One in five people is likely to skip additional breast cancer testing after an abnormal mammogram if there’s a deductible involved, according to a new study.
The report, presented at a Radiological Society of North America (RSNA) meeting earlier this week, explored whether costly health insurance deductibles affected a patient’s willingness to undergo breast imaging. Researchers polled 932 patients who showed up for screenings at Boston Medical Center between September 2021 and February 2022. Respondents were asked questions about their demographics — including race, income range, make viagra stronger and education level — and different scenarios involving breast imaging.
“Prior studies have shown that out-of-pocket costs deter patients from attending screening mammography,” Dr. Michael Ngo, the study’s lead author, told News-Medical.net. “However, there is a lack of research into patient adherence to the recommended follow-up imaging when there is a deductible. Our research aims to address this paucity.”
When asked whether they would forgo additional screenings after receiving abnormal results on a routine mammogram if they had to pay a deductible, 21 percent of participants said yes. Sixty percent said they would not skip the procedure, and 19 percent were undecided. People who were Hispanic, had a median household income of less than $35,000, or had Medicaid/were uninsured were more likely to say yes to skipping, so there are clearly systemic healthcare inequities at play here.
As researchers noted, high-deductible health plans (HDHPs) — which offer lower monthly insurance premiums in exchange for higher deductibles for out-of-pocket medical expenses — have become more popular in the United States, particularly among young, healthy people. Under the Affordable Care Act (ACA), most insurers are required to cover any costs associated with routine breast cancer screenings for people who were assigned female at birth (AFAB).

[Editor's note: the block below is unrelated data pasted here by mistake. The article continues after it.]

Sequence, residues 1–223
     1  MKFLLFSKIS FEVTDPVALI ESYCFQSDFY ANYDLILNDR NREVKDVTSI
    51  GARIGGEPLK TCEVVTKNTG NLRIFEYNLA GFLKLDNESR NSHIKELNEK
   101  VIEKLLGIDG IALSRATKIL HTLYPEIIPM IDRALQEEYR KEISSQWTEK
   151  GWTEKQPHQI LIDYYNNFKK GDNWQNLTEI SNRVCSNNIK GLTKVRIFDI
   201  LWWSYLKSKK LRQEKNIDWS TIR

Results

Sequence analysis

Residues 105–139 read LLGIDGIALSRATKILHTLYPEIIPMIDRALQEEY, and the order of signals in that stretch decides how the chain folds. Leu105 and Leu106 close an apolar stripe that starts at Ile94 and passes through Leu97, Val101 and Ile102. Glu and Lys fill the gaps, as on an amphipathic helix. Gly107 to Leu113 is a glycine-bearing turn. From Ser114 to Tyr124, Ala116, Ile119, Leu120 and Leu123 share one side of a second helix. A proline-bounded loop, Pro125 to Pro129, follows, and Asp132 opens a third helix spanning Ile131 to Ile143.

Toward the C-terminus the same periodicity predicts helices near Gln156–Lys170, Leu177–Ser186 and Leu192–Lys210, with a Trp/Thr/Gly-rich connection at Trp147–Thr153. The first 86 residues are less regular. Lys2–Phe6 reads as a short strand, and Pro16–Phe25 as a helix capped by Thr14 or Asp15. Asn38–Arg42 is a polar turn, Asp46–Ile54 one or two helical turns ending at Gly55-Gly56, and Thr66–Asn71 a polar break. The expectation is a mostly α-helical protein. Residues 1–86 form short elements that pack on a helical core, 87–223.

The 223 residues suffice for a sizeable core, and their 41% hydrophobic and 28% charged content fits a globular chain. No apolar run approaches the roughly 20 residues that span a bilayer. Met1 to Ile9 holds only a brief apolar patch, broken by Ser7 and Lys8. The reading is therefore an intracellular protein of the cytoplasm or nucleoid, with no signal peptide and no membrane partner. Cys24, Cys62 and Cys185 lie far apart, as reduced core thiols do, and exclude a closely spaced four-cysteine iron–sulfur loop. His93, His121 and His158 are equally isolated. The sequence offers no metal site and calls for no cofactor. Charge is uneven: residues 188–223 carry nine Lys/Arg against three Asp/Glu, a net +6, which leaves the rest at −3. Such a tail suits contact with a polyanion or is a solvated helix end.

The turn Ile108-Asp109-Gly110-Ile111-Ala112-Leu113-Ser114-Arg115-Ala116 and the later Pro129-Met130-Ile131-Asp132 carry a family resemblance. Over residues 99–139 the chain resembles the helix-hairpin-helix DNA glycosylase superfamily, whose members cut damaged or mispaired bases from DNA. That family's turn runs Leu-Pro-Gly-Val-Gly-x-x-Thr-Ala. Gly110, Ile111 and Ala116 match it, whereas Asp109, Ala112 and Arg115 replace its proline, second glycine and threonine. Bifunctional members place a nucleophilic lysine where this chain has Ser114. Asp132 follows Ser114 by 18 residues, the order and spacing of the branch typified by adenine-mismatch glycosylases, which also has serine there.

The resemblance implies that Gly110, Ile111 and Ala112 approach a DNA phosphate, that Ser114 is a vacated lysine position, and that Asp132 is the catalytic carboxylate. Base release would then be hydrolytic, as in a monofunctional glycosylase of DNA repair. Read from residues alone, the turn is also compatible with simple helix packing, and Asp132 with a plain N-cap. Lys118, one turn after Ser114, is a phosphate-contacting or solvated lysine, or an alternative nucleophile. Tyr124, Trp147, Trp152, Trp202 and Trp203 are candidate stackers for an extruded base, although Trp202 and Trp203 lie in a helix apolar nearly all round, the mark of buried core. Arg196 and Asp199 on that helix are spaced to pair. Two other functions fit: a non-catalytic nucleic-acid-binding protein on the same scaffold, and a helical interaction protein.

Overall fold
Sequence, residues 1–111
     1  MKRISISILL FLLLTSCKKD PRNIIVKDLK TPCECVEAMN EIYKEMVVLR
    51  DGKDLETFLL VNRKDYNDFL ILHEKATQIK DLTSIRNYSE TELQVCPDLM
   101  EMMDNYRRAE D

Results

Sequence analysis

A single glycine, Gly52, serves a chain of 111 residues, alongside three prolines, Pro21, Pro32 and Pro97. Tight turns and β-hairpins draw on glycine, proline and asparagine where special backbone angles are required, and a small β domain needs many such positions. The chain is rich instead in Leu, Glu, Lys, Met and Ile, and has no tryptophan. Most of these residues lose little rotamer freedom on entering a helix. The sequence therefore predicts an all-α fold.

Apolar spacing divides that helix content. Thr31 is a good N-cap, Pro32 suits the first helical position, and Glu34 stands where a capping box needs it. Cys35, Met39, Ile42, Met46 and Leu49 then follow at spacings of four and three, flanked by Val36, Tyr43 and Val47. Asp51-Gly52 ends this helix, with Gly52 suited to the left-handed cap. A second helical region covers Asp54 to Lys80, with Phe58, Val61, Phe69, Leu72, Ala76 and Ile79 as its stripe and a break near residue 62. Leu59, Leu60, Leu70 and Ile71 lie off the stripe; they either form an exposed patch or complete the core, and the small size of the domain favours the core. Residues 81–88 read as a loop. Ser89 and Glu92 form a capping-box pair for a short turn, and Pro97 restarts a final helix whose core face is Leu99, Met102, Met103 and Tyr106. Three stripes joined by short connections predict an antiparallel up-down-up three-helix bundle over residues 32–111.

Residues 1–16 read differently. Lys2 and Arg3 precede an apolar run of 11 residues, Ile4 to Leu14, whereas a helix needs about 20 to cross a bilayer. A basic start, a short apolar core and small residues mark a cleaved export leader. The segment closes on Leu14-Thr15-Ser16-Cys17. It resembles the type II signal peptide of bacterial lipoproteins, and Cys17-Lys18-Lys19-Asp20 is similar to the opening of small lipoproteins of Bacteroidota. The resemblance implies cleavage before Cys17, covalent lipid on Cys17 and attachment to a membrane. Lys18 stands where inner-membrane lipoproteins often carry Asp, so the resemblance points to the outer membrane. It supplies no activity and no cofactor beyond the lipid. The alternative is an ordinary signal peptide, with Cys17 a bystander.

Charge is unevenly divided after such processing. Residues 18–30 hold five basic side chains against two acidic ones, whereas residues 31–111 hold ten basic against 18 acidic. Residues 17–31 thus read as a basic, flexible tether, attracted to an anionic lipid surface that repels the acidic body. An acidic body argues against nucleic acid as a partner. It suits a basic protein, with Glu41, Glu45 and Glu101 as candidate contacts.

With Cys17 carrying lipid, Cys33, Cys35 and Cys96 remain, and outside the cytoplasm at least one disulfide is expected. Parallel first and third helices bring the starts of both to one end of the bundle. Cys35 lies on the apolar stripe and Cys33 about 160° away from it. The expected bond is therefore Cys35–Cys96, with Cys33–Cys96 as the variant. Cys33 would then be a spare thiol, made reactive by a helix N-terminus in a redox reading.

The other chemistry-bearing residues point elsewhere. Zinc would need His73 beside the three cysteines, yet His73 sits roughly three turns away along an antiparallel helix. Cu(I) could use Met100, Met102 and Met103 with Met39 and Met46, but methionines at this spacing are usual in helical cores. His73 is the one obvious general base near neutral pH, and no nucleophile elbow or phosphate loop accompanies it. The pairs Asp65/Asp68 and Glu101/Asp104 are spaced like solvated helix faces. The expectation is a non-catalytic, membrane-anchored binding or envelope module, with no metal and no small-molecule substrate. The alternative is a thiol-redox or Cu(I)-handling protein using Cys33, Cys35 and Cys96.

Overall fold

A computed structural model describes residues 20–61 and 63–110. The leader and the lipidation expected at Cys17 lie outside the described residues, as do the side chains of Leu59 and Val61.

However, there are no ACA mandates regarding additional testing for patients whose mammograms come back abnormal. This means people on HDHPs likely have to pay for these procedures out of pocket until they hit the deductible. For individual HDHPs, that deductible is at least $1,400; for family plans, we’re talking $2,800. It’s easy to see how follow-up screenings could be cost-prohibitive.
Breast cancer is the second most common cancer among cisgender women. According to the Centers for Disease Control and Prevention (CDC), regular mammograms can lower a person’s risk of dying of breast cancer. The agency recommends getting a mammogram every two years for AFAB people ages 50 to 74 years old at average risk of developing breast cancer. Those guidelines shift slightly depending on a person’s risk factors.
If a mammogram detects breast abnormalities, that doesn’t necessarily mean a patient has cancer. However, follow-up testing is needed to make a determination. This could require a referral to a breast specialist or surgeon — which, again, can be incredibly costly without help from your health insurance provider.
“Our study demonstrates that out-of-pocket payments will discourage people, especially those belonging in the most vulnerable populations, from completing the last steps in the breast cancer screening process,” Dr. Ngo added. “These results could be used to advocate for legislation that will cover these important follow-up tests and prevent further exacerbation of existing health inequities.”
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